But these reasons are not among them. If you go along with the patient’s “diagnosis” in order to keep them happy, the opposite is going to happen. You will be accused of ruining their perfect-fitting custom denture. Before this happens, you need to have a frank conversation with your patient. If they really want to address their concerns, they need a new denture that is fabricated in a modern dental lab using the latest tools and materials.
Denture relines are not a cure-all. A reline is an attempt to improve the fit of an old denture. However, the old denture needs to be in reasonable condition and follow the contour of the tissue if it is to be relined successfully. Never lose sight of the fact that you are still working with an old denture. If the fit of the dental appliance was terrible before the reline, it will never fit like a brand new denture after a reline.
As dental professionals, if we are to improve the clinical fit of a denture with a laboratory-processed reline, we must provide the denture laboratory with accurate records. This involves looking closely at the appearance of the denture in the patient’s mouth before doing anything to prepare the denture for a reline.
If the denture rests solely on the palate due to excessive shrinkage of the alveolar ridge, a denture reline is not a viable option. If the midline is off significantly or the patient shows gums, these things are not going to go away with a denture reline. Since the denture lab technician did not have the luxury of seeing the denture in the patient’s mouth prior to the impression, they rely on the dentist or denturist to provide them with accurate records.
Performing Denture Relines
If you have determined that a denture reline is likely to improve the fit for the patient, proceed to roughen the inside of the denture. Then, adjust the denture to relieve over-extended flanges. Using rope wax or stick compound, border mold the denture to allow the muscle attachments to be visualized in the impression. Paint the inside of the denture and the borders with an adhesive, then allow it to dry according to manufacturer’s recommendations. Next, use a medium- or light-body impression material, such as poly-vinyl siloxane or rubber base, to cover the inside surfaces and borders of the denture. There is a point where more impression material is not better. It will either be impossible for you to fully seat the denture or the excess material will flow into the patient’s throat.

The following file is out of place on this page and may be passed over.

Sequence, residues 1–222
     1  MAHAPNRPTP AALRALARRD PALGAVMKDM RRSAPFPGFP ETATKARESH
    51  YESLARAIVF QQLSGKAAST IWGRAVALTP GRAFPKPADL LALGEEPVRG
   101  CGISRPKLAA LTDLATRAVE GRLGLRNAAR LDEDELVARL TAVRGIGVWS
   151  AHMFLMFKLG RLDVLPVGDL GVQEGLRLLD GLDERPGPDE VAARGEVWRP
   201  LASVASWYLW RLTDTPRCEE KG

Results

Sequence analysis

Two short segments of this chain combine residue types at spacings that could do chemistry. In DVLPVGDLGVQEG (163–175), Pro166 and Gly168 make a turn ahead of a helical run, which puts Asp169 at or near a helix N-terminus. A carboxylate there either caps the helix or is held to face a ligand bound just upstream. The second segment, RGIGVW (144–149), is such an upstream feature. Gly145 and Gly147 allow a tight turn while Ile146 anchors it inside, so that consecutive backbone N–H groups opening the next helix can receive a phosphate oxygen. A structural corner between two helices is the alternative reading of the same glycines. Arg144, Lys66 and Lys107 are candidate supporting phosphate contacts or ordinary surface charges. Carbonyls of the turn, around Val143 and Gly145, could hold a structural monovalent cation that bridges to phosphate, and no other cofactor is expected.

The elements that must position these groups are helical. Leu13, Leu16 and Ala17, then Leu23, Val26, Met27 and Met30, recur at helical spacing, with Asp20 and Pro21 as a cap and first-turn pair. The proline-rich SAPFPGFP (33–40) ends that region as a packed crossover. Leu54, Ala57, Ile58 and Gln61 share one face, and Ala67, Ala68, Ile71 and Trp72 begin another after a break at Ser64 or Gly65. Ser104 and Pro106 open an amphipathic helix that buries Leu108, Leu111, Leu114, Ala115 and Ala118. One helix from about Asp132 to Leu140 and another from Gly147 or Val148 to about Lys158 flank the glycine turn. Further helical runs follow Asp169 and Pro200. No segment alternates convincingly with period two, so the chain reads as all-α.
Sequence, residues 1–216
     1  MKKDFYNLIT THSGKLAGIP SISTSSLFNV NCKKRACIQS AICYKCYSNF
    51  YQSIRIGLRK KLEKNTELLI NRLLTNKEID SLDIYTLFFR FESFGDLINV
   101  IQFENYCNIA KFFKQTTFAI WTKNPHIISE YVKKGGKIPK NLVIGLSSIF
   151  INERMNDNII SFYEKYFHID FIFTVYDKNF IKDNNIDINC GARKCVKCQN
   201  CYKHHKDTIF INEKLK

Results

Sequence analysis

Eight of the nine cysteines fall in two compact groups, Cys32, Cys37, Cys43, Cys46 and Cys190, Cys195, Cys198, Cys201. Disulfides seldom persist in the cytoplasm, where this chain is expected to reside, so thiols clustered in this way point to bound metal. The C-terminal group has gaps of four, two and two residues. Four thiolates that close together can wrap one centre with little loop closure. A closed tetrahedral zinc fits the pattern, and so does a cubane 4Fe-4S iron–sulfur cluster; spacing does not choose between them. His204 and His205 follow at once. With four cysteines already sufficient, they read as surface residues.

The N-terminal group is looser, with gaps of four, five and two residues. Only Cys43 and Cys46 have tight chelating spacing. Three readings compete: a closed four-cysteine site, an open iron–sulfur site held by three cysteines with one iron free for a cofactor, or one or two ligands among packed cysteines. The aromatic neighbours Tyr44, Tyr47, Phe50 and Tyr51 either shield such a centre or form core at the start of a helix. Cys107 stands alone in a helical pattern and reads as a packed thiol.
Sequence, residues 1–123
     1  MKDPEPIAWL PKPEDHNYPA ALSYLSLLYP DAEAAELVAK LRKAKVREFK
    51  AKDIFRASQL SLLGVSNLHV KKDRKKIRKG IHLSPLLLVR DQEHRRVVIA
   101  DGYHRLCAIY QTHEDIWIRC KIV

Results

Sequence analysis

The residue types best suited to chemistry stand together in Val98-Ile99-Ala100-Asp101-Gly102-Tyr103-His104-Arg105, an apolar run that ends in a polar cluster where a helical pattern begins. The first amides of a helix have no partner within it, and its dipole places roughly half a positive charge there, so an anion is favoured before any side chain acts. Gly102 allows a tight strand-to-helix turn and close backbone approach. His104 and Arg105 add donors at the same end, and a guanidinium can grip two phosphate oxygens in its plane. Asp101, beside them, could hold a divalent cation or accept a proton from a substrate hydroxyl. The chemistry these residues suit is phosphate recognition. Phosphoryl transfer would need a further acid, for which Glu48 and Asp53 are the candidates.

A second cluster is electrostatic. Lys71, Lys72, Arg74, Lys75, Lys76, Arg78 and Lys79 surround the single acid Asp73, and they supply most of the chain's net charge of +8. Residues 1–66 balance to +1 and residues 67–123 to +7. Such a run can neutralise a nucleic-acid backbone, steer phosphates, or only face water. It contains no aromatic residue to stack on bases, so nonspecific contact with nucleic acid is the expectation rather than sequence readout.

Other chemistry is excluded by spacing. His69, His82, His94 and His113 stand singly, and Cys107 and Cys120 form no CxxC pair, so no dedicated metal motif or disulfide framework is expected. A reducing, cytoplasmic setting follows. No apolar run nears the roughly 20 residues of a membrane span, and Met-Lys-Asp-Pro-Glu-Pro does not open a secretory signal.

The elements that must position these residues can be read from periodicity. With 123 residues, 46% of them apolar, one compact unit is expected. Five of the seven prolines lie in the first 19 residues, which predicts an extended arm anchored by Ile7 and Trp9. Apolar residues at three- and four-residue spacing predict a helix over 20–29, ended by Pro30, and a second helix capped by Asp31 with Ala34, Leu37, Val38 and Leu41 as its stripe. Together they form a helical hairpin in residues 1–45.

It is absolutely critical to fully seat the denture in the mouth correctly, paying particular attention to centric occlusion, the location of the midline, and the amount of acrylic “gum” that is showing. All of these things must be the same as what you observed at the initial examination in every way. If they are not, allow the impression to set, remove the set impression material from the denture, and start over. Doing this is the one thing that can change the outcome of a denture reline treatment. If the denture impression wasn’t seated correctly, the vertical dimension of the processed reline will be increased and the bite will not be correctly aligned with the opposing teeth. It may be loose or shift when the patient bites down, and the midline may or may not be off. In the event that this happens, the denture reline will not be successful.